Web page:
No lifejackets, no energy and no idea

SHARE

Frustrated Queenstown boaties are warning naive water users against venturing onto Lake Wakatipu in inflatable kayaks. 

Last Tuesday two ill-equipped and exhausted young German tourists with no lifejackets in an inflatable kayak were rescued by Paraflights co-owner Chris Bradley. The pair were fined $500. 

Bradley took action after the Earnslaw steamship skipper sent out a concern call when he saw the pair in the middle of the lake. 

It follows another recent shocker where four men were found on the lake in two similar inflatable boats with no lifejackets. 

Both incidents come a year after two ill-prepared French men, Raphael Soubrier, 21, and Yoann Firdion, 24, drowned in Lake Wakatipu when caught in rough conditions. The pair set off in December 2010 in an open canoe with one paddle between them – they were wearing lifejackets but one was a child’s size. 

The two young German men rescued last week were between Closeburn and Walter Peak, not far from where the two French men drowned. 

“They didn’t understand the danger they were in – they were only seconds away from being popped upside down and fighting for their lives,” Bradley says. 

The winds were increasing and they could have easily been thrown from the craft, which would have blown away, he adds. 

Bradley says due to the rough waters it would have been difficult for anyone to see them in trouble. 

“They were very lucky that the Earnslaw skipper was onto it enough to report it and give us the location.”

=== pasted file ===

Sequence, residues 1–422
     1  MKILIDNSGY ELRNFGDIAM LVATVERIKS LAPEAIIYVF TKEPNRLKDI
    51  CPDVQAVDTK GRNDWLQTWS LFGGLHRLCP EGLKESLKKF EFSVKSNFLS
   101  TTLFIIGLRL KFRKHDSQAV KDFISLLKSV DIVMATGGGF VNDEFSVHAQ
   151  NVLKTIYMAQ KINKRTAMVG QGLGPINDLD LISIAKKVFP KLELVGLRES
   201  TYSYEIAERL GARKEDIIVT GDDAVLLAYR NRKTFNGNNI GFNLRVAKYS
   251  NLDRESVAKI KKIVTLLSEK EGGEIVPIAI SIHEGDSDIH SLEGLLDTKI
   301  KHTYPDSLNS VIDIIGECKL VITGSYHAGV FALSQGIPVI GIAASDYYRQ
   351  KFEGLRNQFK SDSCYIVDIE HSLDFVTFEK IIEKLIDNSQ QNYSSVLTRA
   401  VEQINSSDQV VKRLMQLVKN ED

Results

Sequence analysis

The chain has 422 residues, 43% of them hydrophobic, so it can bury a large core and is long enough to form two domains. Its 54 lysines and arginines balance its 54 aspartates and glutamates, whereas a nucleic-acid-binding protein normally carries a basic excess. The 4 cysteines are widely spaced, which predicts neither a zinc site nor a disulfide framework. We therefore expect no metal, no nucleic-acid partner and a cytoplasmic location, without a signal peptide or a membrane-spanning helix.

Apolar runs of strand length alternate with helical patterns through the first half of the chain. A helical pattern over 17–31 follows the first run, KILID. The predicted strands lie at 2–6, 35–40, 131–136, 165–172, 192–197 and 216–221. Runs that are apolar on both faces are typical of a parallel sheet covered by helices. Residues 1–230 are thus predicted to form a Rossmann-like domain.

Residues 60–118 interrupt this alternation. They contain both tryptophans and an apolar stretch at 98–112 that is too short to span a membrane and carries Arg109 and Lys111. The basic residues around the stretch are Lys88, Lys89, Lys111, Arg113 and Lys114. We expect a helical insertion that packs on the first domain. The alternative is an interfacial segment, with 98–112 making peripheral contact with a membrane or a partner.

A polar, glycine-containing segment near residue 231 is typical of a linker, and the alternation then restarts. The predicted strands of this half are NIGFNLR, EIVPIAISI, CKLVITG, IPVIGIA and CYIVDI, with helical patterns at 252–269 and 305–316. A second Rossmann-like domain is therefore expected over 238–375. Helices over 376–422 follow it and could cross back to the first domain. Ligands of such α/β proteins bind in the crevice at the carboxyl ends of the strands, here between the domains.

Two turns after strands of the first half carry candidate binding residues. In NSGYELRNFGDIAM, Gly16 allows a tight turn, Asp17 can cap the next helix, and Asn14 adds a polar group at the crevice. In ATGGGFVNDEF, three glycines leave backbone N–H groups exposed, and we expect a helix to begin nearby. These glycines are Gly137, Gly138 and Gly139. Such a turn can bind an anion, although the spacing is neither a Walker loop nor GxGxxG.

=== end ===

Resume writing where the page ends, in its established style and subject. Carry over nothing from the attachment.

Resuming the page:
Bradley says he told them how stupid they were when he picked them up. The pair told him they didn’t realise how huge the lake was and were tired from paddling – but still didn’t understand what danger they were in, Bradley says.

 

“We had nine tourists in our boat and two families – the parents commented how horrified they would have been if their kid were doing what those boys were,” Bradley says. 

Queenstown harbourmaster Marty Black issued the wayward kayakers a collective $300 fine for not wearing lifejackets and $200 for expenses to rescue them. 

“They could have easily been another fatality. It’s just fortunate with the time of day that people were around who are always keeping an eye on things,” Black says. 

A similar incident in November saw four men – in similar inflatable kayaks and with no lifejackets – instantly fined.
Both Bradley and Black say the inflatable kayaks are a huge danger and safety precautions need to be set in place by manufacturers. 

“These things I believe were only designed for close-to-the-shore, sheltered environments, not in the middle of a major lake that can chop up very rough,” Black says. 

Black says warnings on the inflatable kayak packaging or craft itself need to be considered and he plans to raise his concerns at the next local Small Boats Forum in six weeks. 

Bradley says so far there’ve been up to 14 calls for assistance or people in strife on the lake over the holiday season and believes not enough people are aware of the dangers and how quickly conditions can change. 

“It’s not just happening once a year. It’s a dozen times that people are getting themselves into trouble. 

“It’s just a numbers game really as to how many we can get to before something serious happens. 

“We see someone putting their life at risk every three to four days – not wearing a lifejacket or doing something silly. I would like to say it’s all a wakeup call but we have been seeing it for years on the lake.”